Wednesday, June 26, 2013

Obama Details Climate Plan, Seeks Major Carbon Emission Cut

President Barack Obama Tuesday outlined a series of executive-level steps that he said strive to minimize the release of carbon emissions and enhance the diversity of energy sources across the country.  The president's announcement, which focuses on minimizing climate change, drew support from Ohio-based environmentalists and opposition from GOP members of the state's congressional delegation.  While the White House said no single step can reverse climate change, officials have "a moral obligation" to take action to improve conditions for future generations. Among other things, the plan establishes new rules to cut carbon pollution by directing the U.S. EPA to work with states, industry and others to create carbon standards for new and existing power plants.

The plan also:
Makes up to $8 billion in loan guarantees available to support fossil energy and efficiency projects; Directs the U.S. Department of Interior to permit enough renewable projects to provide power for 6 million homes by 2020; Sets a goal to reduce carbon pollution by 3 billion metric tons by 2030.
The administration also said it will push for similar agreements with China, India and other major emitters.

U.S. Sen. Rob Portman said in a statement the "overreach" has already cost Ohio jobs.  "At least eight coal fired power plants in Ohio are set to close due in large part to regulatory mandates put in place by the EPA," he said in a statement. "As a result, nearly a thousand Ohio jobs will be directly impacted, local communities will lose millions in tax revenue, and more than 6,000 megawatts - enough energy to power thousands of homes - will be taken off the grid."  "America does not need another top-down climate mandate by its Federal government; instead it needs a low-cost energy plan that ensures we have access to reliable, affordable and cleaner domestic energy," he said.  Reach Senator Portman here:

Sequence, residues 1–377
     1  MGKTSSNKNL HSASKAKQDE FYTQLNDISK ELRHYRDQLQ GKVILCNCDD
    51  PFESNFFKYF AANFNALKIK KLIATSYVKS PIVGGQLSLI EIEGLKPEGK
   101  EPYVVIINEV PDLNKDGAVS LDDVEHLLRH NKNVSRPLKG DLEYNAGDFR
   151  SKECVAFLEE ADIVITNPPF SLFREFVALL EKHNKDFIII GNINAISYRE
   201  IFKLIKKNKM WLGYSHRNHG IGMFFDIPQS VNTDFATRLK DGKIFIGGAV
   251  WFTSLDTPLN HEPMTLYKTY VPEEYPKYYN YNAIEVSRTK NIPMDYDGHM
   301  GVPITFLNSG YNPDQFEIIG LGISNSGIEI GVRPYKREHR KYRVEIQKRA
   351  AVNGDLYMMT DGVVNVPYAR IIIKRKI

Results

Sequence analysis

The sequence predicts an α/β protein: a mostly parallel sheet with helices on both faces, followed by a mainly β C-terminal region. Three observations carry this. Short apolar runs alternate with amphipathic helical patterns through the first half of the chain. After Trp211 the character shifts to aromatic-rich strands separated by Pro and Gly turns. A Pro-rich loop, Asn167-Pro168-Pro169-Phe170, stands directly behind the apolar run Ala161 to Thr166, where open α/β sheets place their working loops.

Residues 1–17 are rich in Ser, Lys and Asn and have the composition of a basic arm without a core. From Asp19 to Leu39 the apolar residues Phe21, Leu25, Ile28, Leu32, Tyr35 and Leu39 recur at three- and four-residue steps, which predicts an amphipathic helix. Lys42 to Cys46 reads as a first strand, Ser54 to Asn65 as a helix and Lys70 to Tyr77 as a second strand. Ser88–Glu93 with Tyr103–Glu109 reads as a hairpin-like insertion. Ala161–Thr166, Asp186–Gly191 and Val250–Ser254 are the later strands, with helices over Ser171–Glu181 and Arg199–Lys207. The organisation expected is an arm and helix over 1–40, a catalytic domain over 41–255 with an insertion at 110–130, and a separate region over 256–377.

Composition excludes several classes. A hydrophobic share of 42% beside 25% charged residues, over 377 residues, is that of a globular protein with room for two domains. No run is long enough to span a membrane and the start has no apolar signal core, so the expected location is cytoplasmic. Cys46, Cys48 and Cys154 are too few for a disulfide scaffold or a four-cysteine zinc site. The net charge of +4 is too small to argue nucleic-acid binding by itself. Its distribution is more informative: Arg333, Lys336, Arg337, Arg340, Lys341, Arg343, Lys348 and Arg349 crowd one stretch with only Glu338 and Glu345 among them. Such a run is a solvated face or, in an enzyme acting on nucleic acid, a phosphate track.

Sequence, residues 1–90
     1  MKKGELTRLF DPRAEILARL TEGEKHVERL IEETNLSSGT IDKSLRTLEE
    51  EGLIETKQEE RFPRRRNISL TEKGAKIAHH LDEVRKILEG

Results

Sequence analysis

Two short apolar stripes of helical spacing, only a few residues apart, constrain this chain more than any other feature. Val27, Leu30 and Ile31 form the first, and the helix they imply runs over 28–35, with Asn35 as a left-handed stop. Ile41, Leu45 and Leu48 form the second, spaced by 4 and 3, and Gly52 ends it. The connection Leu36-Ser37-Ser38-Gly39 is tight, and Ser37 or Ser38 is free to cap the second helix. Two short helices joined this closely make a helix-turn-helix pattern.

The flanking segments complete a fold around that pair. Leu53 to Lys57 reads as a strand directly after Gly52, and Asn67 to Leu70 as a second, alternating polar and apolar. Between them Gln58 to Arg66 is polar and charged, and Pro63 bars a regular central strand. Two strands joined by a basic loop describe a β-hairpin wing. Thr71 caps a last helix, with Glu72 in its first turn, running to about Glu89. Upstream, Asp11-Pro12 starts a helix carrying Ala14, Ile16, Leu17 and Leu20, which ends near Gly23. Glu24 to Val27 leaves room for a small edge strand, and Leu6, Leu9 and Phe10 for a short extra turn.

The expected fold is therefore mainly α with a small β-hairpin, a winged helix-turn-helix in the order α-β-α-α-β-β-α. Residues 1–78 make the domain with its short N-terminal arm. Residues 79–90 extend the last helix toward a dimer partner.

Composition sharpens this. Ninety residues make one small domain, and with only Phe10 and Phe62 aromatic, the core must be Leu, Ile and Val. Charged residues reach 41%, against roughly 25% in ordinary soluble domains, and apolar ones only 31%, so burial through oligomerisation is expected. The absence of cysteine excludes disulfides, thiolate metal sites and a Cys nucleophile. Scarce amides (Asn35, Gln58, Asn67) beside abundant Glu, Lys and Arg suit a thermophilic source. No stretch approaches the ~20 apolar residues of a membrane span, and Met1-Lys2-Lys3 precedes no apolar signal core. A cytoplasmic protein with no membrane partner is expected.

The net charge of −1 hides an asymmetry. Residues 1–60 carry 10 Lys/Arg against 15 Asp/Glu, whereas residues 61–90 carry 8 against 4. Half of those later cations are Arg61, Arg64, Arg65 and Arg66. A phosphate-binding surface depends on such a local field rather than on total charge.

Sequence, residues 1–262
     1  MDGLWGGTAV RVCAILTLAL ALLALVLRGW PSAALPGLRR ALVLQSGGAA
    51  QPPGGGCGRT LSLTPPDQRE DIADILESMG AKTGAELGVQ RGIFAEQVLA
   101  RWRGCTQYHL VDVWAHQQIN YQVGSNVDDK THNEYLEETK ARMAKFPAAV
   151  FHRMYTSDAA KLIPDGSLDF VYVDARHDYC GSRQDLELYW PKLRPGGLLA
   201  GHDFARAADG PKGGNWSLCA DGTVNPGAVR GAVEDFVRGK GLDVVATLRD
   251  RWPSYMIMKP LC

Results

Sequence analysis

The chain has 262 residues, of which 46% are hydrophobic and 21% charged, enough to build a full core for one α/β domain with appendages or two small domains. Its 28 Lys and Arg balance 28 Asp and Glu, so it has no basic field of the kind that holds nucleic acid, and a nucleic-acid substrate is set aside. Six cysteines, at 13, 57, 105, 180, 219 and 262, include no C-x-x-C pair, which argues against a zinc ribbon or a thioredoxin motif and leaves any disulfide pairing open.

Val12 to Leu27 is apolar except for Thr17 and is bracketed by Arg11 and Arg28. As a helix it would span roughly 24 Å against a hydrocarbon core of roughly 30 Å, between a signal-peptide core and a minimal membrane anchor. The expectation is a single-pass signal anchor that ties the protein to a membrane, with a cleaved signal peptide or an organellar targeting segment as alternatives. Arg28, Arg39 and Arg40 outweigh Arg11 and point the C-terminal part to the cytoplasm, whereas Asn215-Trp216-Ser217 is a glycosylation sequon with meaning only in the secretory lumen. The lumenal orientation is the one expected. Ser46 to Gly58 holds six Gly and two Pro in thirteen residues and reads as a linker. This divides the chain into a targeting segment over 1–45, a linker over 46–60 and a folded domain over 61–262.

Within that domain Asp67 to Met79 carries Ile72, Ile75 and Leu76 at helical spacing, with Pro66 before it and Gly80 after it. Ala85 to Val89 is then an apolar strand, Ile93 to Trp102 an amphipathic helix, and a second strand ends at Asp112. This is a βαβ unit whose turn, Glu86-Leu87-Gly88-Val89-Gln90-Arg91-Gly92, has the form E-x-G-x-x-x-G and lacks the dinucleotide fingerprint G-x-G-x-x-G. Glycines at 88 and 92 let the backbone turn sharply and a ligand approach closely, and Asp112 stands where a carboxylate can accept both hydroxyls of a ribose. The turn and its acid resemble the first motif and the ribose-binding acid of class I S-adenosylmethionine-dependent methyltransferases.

U.S. Rep. Bill Johnson said he was "deeply troubled" by the announcement that he said escalates a "war on coal."  "These new regulations will put hundreds of thousands of jobs at risk and cripple businesses across the United States that rely on affordable and dependable coal-provided energy. In my district alone, we have six coal-fired power plants that are now in jeopardy," he said. "The President is, once again, stifling free-markets and meddling with our economy.  "While I certainly agree that we should embrace alternative energies, they cannot be the only sources we rely on to power our economy," Mr. Johnson added.  Reach Congressman Johnson here:

Conversely, Brian Kaiser, director of green jobs and innovation at the Ohio Environmental Council welcomed the announcement.   "The time for talk has passed, it's time for action," he said. "President Obama's plan is a responsible and significant step towards a healthier planet and a stronger economy."  A coalition of Ohio environmental groups, including National Wildlife Federation in Ohio, Sierra Club in Ohio and Audubon Ohio, offered support.  "We applaud President Obama for laying out a broad and common-sense plan for meeting our obligation to protect future generations from climate change," the groups said. "Americans are feeling the impacts of climate change already from destructive and deadly storms like Hurricane Sandy, to droughts and wildfires. President Obama's decision to take action to cut carbon pollution from existing power plants for the first time ever is particularly important since power plants are the largest unlimited source of carbon pollution and cleaning them up is key to protecting Americans from the impacts of climate change."

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